Overhauling the Temporary Work Visa System

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Released: February 2013

Related Topics: Global Economy

Authors:

  • Pia OrreniusAssistant Vice President and Senior Economist, Federal Reserve Bank of Dallas
  • Giovanni PeriProfessor of Economics, University of California, Davis
  • Madeline ZavodnyProfessor of Economics, Agnes Scott College
 
 

Introduction

Immigration creates economic value and potential fiscal revenues when workers move from countries where their productivity and wages are low to countries, such as the United States, where their productivity and wages are relatively high. Highly educated immigrants contribute substantially to technological and scientific innovation, entrepreneurship, and productivity growth. Less-educated immigrants supply useful skills by providing much-needed labor to fill jobs in agriculture, construction, and personal services—sectors where local demand from employers is increasingly not matched by a supply of American workers. The country’s employment-based immigration policies should encourage the inflow of workers who make the greatest contributions to the U.S. economy.

Unfortunately, the complex and outdated U.S. immigration system, even in its employment-based component, imposes significant inefficiencies and costly restrictions on the inflow of foreign-born workers. Current immigration policies ultimately lead to inferior economic outcomes. Instead of being allocated to the workers who make the greatest economic contributions, employment-based visas are typically allocated to those who happen to be first in line, or are distributed randomly via a lottery. The difficulty of obtaining employment-based visasdiscourages highly educated potential immigrants who would contribute significant value to U.S. employers and generate tax revenues. At the same time, less-educated potential immigrants have extremely limited options for legal entry despite being in high demand from U.S. employers, who often end up turning to unauthorized workers.

The goal of this proposal is to introduce simple but significant changes to the U.S. employment-based temporary immigration system that would make that system more efficient. The proposed changes also would increase the economic benefits of employment-based immigration for the U.S. economy and contribute additional revenue to the federal budget. The proposed system uses market-based auctions to allocate temporary permits that allow employers to hire foreign workers. An employer who purchases a permit effectively purchases the right to hire a foreign worker for a specified period. The foreign worker selected for that job, in turn, receives a temporary worker visa after passing a background check, and will be fully mobile across employers who own permits. The employer can resell the permit in a secondary market if the foreign worker leaves that job. These auctions would first be implemented to replace the current H-1B, H-2A, and H-2B visa programs, and would ultimately replace most of the current temporary employment-based immigration system. To succeed, the auctions need to be accompanied by increased workplace enforcement, such as mandating that all employers use E-Verify.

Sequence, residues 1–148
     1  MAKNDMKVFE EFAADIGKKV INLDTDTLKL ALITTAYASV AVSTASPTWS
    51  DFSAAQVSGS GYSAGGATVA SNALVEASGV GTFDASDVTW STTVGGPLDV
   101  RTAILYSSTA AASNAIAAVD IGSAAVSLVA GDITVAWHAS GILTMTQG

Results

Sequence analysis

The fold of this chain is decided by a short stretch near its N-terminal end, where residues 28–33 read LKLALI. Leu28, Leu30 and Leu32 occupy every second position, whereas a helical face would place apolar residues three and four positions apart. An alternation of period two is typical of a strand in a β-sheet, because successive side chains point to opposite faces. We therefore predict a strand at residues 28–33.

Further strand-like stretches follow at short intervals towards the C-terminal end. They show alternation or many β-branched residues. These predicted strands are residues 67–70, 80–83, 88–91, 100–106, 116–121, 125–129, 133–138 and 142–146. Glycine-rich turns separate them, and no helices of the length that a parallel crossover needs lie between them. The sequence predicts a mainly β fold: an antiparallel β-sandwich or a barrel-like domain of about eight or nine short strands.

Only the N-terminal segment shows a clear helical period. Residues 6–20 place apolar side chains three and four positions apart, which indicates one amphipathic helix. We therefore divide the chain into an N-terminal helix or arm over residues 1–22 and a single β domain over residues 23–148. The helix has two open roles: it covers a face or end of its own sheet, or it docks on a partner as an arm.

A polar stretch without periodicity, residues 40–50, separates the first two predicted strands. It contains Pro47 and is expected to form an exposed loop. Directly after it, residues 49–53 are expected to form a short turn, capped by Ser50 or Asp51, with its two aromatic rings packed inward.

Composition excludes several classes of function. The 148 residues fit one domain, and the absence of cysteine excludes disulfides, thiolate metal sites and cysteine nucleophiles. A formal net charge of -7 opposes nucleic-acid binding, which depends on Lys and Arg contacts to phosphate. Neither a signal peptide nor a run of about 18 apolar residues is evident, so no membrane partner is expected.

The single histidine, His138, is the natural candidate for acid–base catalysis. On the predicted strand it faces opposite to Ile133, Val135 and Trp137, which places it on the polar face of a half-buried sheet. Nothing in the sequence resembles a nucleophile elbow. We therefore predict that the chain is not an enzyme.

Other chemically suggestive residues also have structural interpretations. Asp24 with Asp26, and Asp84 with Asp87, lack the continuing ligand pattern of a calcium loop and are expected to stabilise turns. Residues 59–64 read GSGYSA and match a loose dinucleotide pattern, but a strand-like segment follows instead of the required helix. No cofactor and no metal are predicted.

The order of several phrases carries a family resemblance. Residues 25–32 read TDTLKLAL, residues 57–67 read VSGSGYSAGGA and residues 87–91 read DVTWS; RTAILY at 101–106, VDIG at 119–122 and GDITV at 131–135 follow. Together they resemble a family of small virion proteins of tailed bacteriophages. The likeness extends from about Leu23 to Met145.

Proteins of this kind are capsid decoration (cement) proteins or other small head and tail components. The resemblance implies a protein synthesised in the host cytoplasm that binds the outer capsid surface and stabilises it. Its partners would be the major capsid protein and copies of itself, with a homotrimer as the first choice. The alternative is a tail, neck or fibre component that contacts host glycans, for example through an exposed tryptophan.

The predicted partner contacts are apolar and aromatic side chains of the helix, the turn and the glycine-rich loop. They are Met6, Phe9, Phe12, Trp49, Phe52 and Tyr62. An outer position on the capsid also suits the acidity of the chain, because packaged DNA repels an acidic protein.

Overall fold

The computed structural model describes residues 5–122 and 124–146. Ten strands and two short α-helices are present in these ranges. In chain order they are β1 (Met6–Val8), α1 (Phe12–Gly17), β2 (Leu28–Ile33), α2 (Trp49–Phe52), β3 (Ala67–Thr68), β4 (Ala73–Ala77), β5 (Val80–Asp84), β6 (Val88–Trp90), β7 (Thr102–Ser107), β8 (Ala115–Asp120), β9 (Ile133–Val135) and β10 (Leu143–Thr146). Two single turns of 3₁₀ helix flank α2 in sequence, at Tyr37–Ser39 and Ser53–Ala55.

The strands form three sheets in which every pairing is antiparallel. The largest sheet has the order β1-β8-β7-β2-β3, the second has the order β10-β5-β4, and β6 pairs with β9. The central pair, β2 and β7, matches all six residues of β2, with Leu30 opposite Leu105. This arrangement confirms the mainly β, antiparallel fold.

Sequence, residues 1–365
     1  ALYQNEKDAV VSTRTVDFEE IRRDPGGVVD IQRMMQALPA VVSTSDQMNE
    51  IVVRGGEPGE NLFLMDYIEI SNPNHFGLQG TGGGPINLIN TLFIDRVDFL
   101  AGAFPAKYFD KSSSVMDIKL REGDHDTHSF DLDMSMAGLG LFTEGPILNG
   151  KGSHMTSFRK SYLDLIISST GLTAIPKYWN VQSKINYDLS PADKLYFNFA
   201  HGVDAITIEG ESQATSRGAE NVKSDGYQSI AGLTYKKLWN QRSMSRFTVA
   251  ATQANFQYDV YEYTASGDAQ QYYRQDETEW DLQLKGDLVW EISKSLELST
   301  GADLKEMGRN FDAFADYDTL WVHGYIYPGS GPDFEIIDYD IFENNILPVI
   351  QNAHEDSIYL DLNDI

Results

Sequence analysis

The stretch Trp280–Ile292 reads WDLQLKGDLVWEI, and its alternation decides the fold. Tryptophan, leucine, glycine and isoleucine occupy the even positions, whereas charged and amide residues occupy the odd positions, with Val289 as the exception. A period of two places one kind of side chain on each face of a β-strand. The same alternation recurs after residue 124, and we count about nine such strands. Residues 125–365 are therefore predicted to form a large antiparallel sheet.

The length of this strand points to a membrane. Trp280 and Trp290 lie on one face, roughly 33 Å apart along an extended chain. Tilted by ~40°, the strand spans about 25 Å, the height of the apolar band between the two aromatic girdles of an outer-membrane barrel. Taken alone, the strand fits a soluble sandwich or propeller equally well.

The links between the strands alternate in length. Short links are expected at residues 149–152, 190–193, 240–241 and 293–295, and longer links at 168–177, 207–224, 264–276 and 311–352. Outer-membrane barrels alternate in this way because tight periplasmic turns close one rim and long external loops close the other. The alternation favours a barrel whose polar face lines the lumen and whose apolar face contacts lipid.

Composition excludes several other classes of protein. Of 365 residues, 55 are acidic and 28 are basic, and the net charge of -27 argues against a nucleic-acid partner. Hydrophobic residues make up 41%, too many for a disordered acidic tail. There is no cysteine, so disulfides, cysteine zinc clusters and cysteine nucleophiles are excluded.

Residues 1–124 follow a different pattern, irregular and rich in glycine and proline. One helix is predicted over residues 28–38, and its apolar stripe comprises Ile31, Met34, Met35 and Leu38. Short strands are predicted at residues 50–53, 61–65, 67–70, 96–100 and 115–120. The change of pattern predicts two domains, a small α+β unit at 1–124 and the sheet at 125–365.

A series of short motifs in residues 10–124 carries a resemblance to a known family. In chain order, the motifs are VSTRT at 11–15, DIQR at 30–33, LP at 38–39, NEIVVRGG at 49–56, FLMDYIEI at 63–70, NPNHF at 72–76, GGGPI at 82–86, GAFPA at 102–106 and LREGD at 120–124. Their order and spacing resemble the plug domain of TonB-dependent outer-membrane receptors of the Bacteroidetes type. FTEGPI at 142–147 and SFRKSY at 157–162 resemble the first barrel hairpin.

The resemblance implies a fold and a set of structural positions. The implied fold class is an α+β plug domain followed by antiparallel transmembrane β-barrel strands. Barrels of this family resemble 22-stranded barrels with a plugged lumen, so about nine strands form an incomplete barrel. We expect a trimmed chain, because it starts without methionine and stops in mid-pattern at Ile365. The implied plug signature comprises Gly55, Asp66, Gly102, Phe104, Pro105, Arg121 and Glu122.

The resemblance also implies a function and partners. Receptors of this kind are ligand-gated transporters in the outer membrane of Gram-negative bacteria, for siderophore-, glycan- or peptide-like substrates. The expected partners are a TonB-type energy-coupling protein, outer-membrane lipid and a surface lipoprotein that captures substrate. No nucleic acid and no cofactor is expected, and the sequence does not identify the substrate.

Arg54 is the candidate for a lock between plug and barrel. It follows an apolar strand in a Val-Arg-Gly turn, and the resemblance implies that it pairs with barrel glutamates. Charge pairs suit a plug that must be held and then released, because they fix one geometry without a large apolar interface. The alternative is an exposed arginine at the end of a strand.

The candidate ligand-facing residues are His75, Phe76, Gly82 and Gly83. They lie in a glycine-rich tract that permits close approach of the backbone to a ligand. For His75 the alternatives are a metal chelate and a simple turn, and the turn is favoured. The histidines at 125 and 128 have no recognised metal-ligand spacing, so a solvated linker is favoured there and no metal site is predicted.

Auctioning permits to hire foreign workers would offer a number of economic benefits. It would lead to a more efficient allocation of foreign workers across employers while protecting workers through visa portability and employer competition. Permits would be allocated to employers who value these workers’ contributions the highest and who hence would bid the most for permits.

The auctions would generate revenue for the federal government. Baseline estimates suggest that auctioning of employer permits would generate from $700 million to $1.2 billion in revenues annually, with the higher end of the range possible if more visas are available for high-skilled workers. In the long run, a more efficient immigration system would have an even bigger budget impact by increasing productivity and gross domestic product (GDP).

This proposal focuses on temporary employment-based immigration, which plays an important role in the employment-based immigration system. Most immigrants,however, are admitted permanently on the basis of family ties. Among permanent immigrants, employment-based immigration accounts for only 14 percent of permanent resident visas awarded each year, with about half of those going to accompanying dependents. The economic and fiscal gains would be far greater than those discussed here if the immigration system put a greater emphasis on employment and skills. Similarly, there could be important implications of providing currently undocumented immigrants with a path to legal permanent residence. These are complex and controversial issues; this proposal focuses on more circumscribed reforms to employment-based temporary visas.


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